I loved my little family and they kept me quite busy, still I wondered if there were a few more children who needed homes, so I contacted the Holt Agency again, and they told me that they sometimes had a need for “replacement adoptions.” These were children who had been adopted (and came over to the U.S. on someone else’s visas) but for some reason the adoption didn’t work out. My husband and I talked about it and decided to pursue that route.
Not long after that we had a call concerning a little Korean boy who was four years old. He had been adopted, but then the adoptive mother got pregnant and didn’t want to keep him. His adoptive father desperately wanted to keep him, but that was creating problems in the marriage. After talking to his pastor, he decided to let his son go to save his marriage and be a father to their new baby. What a tough decision! We really felt a lot of empathy for that father. So we agreed to adopt this little boy, and drove to Oregon to get him.
Not long after that, we were again contacted by Holt Agency and they said they had two brothers, that they wanted to place together, and their original adoption had fallen apart. I think the original adoptive parents divorced and the boys had been placed in a second home. Then there were problems in the second home with the younger sibling. So Holt asked us to take the younger boy (7 years old) with the promise that we would later adopt the older one, when things settled down a bit. From the beginning, I had a strong feeling that we would never be able to adopt the older boy, and I was right about that. Time went one, and the other family wanted to keep the older boy, but not the younger one, so we adopted just the one brother.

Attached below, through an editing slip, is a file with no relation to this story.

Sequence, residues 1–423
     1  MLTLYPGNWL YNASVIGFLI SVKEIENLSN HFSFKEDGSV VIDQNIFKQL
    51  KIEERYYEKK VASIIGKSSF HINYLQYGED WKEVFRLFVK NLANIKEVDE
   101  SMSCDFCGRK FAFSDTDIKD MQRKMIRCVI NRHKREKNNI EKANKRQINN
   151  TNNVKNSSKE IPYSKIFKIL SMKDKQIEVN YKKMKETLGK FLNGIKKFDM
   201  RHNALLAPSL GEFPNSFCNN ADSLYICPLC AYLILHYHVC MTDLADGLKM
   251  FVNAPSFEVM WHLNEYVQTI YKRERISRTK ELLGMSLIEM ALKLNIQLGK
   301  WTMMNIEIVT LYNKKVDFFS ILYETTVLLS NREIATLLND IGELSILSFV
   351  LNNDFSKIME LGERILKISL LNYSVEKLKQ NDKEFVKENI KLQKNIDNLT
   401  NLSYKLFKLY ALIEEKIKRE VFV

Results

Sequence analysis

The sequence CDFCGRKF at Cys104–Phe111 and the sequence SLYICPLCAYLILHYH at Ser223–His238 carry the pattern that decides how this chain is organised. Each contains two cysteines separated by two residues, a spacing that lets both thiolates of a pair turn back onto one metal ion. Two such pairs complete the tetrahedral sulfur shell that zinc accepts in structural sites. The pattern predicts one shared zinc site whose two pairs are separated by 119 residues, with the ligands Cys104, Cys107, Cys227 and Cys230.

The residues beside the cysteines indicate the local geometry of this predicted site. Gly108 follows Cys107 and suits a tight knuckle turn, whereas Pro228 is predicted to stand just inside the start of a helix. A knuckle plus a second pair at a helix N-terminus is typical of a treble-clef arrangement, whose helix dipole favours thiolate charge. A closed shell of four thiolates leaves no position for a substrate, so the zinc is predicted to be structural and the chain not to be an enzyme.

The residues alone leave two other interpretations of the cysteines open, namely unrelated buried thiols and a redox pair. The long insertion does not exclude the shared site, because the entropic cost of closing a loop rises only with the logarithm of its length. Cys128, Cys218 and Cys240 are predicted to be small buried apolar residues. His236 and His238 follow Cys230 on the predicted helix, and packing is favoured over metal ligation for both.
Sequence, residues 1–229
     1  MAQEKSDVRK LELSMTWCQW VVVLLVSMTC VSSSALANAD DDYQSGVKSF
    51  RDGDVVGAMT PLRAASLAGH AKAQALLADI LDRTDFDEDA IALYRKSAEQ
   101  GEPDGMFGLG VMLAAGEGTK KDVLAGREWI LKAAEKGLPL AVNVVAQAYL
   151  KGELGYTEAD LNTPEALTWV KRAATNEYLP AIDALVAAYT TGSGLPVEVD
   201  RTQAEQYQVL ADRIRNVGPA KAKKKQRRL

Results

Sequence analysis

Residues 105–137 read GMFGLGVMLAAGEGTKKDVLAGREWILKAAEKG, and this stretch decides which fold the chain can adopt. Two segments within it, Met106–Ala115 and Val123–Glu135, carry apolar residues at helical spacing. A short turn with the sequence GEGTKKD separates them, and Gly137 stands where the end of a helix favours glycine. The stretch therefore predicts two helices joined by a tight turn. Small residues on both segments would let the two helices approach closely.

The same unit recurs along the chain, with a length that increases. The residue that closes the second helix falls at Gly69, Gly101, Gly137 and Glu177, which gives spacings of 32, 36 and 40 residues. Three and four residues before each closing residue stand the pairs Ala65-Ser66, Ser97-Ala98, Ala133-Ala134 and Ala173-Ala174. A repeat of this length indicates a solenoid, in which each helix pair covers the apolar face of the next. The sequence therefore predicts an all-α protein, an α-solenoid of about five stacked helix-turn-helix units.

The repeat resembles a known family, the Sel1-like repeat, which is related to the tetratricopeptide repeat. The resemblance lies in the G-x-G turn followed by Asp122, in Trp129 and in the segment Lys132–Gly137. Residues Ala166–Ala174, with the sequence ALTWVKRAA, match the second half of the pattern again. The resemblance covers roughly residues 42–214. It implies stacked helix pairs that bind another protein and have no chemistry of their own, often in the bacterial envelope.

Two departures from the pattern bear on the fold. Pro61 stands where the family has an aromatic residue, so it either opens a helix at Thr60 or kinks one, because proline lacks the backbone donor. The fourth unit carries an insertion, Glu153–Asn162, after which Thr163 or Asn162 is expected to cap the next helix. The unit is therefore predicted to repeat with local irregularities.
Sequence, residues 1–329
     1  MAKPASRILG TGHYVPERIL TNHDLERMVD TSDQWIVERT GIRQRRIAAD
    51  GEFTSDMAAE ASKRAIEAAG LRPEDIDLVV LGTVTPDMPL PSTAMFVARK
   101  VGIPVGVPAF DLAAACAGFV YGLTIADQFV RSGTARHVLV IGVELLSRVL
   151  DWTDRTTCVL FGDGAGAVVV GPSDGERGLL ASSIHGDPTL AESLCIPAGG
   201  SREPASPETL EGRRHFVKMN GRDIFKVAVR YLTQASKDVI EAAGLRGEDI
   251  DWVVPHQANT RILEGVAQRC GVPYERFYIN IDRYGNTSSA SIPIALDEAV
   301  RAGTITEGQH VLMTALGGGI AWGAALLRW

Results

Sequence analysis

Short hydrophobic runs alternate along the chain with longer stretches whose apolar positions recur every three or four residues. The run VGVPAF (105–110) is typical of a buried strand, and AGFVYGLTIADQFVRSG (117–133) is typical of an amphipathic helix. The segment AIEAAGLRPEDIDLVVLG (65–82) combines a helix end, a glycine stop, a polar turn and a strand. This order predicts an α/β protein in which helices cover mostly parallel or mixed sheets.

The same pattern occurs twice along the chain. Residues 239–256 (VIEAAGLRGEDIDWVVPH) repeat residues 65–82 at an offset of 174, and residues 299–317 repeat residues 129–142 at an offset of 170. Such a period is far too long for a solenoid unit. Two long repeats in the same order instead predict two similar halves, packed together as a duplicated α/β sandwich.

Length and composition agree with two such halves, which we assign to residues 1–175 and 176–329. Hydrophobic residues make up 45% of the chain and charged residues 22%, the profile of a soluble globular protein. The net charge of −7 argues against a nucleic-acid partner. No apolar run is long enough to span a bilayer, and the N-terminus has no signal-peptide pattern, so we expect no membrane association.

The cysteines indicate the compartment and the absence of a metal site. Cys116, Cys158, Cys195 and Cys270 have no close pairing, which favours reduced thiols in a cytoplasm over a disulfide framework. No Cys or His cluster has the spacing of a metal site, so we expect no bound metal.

Apparently the Holt Agency thought we had a good track record, so when another replacement adoption became necessary, they contacted us. This was a little Vietnamese girl who had come over on the airlift when Saigon fell and had been placed with a family in Iowa who had previously adopted two little girls, but this adoption wasn’t working out. So we drove out to Iowa and returned with our little Vietnamese daughter who was eleven at the time.
As I mentioned earlier, during this time we had two Native American foster daughters on a full-time basis and other foster children for short periods. So I was very busy and figured I had reached the limit of what I could do. I felt like we had our family–but I was wrong. 🙂